CORONAVIRUS LATEST: O'Neill's sportswear reopens factories to make doctors' scrubs

With immediate effect, O’Neills will be manufacturing scrubs for the Health and Social Care Trusts

CORONAVIRUS LATEST: Discussions underway between the Executive and O'Neill's sportswear to reopen factories

Border firm O'Neill's sportswear has just announced that it will reopen its factories to make doctors' scrubs to protect front-line medical staff against coronavirus.

Last week, the sportswear manufacturer announced that it would 'suspend operations' until May at the earliest due to the impact of the coronavirus on its business.

Around 900 employees at factories in Strabane and Walkinstown in Dublin were affected.

But today's news will provide much needed gear for medical staff while allowing hundreds of O'Neill's staff to return to work. Many of the Strabane workforce live in Donegal.

A spokesperson for the company said: "With immediate effect, O’Neill's will be manufacturing scrubs for the Health and Social Care Trusts.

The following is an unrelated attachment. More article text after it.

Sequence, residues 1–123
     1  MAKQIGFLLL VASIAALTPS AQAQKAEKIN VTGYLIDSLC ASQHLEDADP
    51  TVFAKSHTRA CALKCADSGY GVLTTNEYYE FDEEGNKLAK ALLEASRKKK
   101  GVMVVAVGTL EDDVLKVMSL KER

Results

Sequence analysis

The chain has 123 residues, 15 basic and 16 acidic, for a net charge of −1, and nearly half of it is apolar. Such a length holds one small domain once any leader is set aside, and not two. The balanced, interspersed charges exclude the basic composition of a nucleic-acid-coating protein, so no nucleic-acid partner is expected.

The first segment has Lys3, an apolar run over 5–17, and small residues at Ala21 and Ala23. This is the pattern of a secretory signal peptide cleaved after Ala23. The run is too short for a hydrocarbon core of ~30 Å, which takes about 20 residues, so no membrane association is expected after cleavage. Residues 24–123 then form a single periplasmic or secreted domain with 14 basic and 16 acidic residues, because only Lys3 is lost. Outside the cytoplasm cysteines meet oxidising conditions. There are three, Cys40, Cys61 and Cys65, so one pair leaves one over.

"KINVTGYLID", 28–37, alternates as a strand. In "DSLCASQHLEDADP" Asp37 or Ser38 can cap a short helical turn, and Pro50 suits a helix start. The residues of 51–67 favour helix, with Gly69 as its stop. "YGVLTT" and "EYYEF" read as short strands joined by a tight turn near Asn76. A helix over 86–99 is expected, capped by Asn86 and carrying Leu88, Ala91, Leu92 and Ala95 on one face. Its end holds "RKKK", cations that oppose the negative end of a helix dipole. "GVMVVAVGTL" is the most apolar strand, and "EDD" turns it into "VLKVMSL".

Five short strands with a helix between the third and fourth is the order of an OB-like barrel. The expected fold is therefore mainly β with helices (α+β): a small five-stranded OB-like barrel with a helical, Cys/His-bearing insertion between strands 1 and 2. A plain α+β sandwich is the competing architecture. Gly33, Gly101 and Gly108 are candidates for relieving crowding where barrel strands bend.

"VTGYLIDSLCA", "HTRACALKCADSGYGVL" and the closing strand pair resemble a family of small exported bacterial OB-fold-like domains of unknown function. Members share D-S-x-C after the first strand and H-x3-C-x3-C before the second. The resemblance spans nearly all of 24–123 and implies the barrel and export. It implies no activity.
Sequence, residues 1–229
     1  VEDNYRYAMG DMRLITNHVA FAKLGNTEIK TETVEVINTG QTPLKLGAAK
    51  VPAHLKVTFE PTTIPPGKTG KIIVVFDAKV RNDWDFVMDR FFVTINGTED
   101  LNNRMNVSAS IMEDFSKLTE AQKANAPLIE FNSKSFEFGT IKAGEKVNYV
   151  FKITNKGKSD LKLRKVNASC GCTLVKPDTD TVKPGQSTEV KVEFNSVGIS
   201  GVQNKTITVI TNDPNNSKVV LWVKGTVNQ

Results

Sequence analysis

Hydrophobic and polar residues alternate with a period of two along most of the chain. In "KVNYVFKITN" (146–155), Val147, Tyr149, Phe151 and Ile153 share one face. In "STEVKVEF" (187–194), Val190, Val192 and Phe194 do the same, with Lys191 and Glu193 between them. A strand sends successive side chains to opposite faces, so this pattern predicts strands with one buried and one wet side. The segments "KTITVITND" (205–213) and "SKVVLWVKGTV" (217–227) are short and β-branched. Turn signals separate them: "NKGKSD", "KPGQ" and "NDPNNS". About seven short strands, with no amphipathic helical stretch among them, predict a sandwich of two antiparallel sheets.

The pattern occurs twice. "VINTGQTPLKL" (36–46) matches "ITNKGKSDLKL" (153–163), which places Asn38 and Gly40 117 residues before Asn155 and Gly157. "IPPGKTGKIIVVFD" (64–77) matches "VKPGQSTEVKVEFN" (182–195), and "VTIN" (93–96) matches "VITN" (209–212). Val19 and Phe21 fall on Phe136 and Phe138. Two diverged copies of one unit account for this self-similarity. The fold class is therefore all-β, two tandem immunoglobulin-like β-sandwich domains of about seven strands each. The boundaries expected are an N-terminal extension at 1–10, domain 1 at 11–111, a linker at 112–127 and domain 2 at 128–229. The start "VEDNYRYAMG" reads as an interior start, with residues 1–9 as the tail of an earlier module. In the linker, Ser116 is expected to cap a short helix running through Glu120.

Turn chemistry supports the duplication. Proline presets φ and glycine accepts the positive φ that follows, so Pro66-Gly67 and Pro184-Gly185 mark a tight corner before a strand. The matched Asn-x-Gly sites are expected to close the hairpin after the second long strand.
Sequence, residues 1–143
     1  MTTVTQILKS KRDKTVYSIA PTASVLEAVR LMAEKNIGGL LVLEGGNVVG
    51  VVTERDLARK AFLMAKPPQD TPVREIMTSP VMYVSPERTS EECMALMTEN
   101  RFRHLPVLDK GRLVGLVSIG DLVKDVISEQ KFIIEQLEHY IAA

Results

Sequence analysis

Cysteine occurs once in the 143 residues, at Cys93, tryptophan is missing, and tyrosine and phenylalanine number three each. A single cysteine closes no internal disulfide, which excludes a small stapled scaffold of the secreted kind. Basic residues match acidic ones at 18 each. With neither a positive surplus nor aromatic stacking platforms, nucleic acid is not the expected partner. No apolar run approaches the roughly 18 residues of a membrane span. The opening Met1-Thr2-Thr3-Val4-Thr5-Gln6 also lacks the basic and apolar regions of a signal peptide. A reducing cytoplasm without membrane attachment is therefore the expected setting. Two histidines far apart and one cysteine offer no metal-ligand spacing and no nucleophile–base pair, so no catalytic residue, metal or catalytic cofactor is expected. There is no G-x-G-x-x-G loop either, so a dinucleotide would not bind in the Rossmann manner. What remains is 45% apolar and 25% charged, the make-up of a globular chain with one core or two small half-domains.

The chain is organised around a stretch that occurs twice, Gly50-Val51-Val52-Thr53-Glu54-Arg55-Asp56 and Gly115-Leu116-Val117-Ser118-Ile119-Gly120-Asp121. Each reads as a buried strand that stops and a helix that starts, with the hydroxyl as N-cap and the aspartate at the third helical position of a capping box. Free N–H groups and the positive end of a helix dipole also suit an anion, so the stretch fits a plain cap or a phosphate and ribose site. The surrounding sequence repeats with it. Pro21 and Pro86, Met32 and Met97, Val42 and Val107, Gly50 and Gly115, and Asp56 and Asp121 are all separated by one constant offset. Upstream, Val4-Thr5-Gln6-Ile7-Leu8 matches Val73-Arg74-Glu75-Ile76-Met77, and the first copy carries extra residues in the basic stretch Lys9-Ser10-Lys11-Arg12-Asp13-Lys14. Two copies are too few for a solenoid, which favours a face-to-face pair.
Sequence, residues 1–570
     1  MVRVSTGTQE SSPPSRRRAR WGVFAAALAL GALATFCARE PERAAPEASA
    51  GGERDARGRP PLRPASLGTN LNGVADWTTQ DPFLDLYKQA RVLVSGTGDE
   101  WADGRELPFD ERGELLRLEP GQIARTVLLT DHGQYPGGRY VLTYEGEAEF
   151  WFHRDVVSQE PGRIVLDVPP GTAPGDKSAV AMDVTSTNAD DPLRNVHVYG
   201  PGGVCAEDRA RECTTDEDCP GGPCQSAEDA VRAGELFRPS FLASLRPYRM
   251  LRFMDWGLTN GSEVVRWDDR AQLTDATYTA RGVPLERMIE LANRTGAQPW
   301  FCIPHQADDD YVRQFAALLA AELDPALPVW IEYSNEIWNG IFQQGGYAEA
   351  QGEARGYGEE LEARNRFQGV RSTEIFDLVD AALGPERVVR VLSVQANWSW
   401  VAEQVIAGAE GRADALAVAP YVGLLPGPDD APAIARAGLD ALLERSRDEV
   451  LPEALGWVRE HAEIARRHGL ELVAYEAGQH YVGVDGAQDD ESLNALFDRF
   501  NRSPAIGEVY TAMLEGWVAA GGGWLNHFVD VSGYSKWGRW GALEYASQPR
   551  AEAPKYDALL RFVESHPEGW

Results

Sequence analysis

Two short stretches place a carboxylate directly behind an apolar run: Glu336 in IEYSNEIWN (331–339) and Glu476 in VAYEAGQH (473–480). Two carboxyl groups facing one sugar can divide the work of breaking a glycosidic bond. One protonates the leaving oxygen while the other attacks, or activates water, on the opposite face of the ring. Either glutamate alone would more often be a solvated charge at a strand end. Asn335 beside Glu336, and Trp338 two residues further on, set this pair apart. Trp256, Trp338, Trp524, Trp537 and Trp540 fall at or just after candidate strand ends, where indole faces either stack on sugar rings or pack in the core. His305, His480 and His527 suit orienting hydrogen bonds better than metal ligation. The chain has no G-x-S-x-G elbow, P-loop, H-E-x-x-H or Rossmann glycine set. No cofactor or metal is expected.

"The health and safety of our workers is paramount and we are observing government hygiene and distancing guidelines.

"We are delighted to play our part in supporting the work of front-line healthcare staff at this time."

At present there is a shortage of Personal Protective Equipment (PPE) for medical staff and the government is keen for manufacturers, where possible, to transition to making protective equipment such as masks and scrubs.

Scrubs are the sanitary clothing worn by surgeons, nurses, physicians and other workers involved in patient care in hospitals. They are designed to be simple, with minimal places for contaminants to hide, easy to launder, and cheap to replace if damaged or stained irreparably.

Derry trade unionists had called on the local council, business community and political representatives to 'show leadership' by pushing for the O'Neill's factory to reopen to manufacture protective equipment needed in the fight against coronavirus.

The move will provide much needed gear for medical staff while allowing hundreds of O'Neill's staff to return to work.

 

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